Last updated July 20th 2014

During my studies at Hebrew University, my main focus was on learning Hebrew – increasing my vocabulary, learning all of the rules of grammar and syntax, etc….  I remember after my first few weeks of ulpan (Hebrew studies) I began to try speaking Hebrew outside of the classroom as well.  Whether I tried speaking in the grocery store or a cafe, it seemed like the minute my lips began to part to form a word, the person I was speaking to would automatically speak to me in English.

Despite the fact that my Hebrew was improving with each class, something that was brutally clear was that I wasn’t a native Israeli.  I have what most immigrants hate – a “mivtah” or accent.  My accent immediately gave away the fact that I hadn’t been born in Israel, and therefore, couldn’t possibly know much Hebrew.  According to my accent, my identity was not Israeli, but rather something else, something foreign.  As I was trying to forge my new identity in Israel – an Israeli identity – I quickly began trying to improve or “fix” my American accent when I spoke Hebrew.  I worked on rolling the Resh (“r” sound) and the Chet, but no matter how hard I tried to rid myself of my accent, native Israelis still spoke back to me in English.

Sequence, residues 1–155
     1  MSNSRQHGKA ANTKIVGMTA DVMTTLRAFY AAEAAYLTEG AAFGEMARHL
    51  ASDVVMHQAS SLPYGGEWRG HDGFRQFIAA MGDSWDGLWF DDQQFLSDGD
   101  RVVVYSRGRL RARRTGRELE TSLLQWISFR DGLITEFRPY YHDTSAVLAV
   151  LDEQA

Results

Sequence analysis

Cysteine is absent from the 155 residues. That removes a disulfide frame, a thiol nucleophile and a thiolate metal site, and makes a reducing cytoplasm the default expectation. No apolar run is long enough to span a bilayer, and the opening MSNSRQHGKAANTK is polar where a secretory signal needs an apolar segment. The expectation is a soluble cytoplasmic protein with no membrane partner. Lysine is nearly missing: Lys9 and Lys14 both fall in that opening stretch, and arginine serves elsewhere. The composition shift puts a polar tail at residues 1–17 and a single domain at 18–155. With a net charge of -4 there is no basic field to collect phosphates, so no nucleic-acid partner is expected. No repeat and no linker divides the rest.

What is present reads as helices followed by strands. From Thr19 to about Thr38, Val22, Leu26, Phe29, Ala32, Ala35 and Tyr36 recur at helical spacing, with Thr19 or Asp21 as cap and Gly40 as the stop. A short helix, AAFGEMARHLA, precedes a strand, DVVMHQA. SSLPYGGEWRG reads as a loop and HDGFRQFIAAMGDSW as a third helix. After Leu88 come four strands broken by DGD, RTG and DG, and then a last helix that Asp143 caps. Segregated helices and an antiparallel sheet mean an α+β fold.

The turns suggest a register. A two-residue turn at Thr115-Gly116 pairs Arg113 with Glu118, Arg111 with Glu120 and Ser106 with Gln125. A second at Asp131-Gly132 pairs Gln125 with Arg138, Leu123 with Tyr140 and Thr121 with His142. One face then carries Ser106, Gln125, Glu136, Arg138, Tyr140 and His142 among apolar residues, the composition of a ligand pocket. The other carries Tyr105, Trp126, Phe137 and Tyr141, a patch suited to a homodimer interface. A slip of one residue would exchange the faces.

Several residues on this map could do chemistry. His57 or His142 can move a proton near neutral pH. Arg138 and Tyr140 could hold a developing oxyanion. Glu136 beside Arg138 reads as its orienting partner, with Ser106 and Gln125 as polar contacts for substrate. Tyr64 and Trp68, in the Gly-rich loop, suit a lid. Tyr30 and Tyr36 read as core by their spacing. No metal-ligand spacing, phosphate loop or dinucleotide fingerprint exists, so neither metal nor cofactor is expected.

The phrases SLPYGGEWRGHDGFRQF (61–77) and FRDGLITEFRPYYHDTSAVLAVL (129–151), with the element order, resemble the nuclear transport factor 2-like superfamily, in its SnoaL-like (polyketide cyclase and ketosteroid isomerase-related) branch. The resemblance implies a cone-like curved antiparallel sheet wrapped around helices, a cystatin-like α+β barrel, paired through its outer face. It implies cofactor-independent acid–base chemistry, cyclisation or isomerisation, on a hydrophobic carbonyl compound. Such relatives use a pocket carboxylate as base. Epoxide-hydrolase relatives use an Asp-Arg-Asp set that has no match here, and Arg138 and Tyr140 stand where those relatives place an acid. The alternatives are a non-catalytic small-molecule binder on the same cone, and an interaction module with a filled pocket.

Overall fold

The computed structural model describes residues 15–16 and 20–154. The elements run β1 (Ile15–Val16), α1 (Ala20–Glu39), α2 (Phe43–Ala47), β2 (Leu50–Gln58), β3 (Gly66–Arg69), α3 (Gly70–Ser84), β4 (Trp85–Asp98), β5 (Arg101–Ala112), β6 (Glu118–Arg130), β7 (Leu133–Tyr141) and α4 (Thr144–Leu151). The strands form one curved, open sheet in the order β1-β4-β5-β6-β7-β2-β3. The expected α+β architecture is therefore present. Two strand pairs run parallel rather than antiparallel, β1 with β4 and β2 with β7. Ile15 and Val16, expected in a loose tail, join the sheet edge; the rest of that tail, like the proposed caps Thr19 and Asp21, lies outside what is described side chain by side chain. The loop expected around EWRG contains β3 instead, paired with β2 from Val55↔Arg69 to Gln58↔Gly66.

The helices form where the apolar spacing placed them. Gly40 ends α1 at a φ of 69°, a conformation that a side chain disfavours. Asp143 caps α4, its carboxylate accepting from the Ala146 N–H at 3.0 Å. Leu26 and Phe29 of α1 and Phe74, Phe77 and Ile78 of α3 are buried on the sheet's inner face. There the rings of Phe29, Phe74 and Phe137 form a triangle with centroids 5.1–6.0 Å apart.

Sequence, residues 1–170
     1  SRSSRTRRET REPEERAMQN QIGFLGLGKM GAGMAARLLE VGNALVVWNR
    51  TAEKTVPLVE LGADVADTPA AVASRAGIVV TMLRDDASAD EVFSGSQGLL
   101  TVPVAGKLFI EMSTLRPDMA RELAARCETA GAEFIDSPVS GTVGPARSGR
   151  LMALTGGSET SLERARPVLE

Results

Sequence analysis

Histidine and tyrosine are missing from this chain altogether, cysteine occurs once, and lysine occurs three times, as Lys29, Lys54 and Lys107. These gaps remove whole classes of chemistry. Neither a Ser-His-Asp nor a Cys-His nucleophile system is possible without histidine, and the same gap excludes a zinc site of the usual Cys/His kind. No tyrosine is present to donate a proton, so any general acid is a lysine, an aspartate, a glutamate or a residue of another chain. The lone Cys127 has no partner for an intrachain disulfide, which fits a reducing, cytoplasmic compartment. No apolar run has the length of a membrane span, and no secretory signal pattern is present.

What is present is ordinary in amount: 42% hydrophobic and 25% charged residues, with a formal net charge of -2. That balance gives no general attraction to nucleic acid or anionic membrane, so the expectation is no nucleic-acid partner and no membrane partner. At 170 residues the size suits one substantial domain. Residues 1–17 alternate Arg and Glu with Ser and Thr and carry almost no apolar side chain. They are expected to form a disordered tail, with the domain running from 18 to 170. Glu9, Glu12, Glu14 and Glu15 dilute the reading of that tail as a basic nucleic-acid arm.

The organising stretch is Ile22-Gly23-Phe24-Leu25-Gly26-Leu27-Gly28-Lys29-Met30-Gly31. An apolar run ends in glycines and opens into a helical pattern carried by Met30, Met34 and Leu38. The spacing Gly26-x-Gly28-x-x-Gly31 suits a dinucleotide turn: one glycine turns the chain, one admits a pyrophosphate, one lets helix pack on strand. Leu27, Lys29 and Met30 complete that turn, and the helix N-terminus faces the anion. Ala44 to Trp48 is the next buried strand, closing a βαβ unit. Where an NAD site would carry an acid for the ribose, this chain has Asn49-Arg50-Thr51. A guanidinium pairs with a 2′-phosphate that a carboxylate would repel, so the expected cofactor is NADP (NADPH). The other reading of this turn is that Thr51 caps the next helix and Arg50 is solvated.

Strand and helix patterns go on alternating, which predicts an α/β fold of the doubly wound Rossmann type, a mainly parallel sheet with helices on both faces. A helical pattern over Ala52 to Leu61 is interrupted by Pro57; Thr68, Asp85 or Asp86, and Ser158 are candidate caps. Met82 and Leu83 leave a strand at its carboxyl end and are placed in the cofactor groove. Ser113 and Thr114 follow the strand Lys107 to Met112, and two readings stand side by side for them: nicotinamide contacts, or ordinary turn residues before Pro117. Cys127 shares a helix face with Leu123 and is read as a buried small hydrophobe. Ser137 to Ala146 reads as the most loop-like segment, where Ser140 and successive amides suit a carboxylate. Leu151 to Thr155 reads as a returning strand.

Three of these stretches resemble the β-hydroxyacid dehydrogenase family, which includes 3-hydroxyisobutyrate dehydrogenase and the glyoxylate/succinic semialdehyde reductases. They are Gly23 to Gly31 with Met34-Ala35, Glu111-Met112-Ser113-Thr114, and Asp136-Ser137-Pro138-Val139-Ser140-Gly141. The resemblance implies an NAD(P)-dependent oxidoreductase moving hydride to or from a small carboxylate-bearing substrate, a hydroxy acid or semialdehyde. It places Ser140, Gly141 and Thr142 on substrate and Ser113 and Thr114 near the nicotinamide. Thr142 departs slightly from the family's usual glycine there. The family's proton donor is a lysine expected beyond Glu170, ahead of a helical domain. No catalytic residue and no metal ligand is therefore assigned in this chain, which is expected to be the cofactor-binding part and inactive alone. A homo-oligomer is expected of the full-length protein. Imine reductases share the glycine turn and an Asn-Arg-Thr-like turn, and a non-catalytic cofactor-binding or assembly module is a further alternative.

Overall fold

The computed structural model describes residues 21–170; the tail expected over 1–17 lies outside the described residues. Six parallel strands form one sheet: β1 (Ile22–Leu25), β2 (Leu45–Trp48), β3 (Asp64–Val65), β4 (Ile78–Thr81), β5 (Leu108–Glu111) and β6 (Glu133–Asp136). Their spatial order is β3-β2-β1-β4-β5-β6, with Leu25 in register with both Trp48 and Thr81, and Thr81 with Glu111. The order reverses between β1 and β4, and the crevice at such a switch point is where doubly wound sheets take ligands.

Over the course of a year and a half of ulpan, my Hebrew improved quite dramatically.  When Israelis would try speaking back to me in English, I continued speaking to them in Hebrew, and they quickly realized that despite my accent, I actually could speak Hebrew.  Despite this, I still felt that I needed to improve my accent.  One must understand that when a person is trying to forge a completely new identity, the obvious solution is to suppress the former identity.
That is exactly what I was trying to do by improving my accent.  I didn’t want any traces of my “American-ness”.  I wanted to be Israeli.
At some point in my journey, I realized that in order to forge my Israeli identity, it wasn’t necessary to suppress my American identity.  The fact is that the first 22 years of my life were spent in the US.  It is where I was born and grew up; it was my first home.  I now have another home, a home where I want to build my future.  My “American-ness” in fact doesn’t make me any less Israeli.  In fact, while thinking about it now, it makes me in some ways more Israeli because I chose to be Israeli.  I am not Israeli by birth.  I chose to leave my entire family behind to fulfill my dream of becoming Israeli.
My American accent stays with me to this day.  Moshe and his family love to make fun of it (in a loving way of course), but it is something I am no longer ashamed of, and I can now laugh when they joke about my accent.  I am proud of my American roots and the Israeli roots that I have planted for my future.
To have two identities does not mean I have to choose one over the other, but rather that I should cherish both.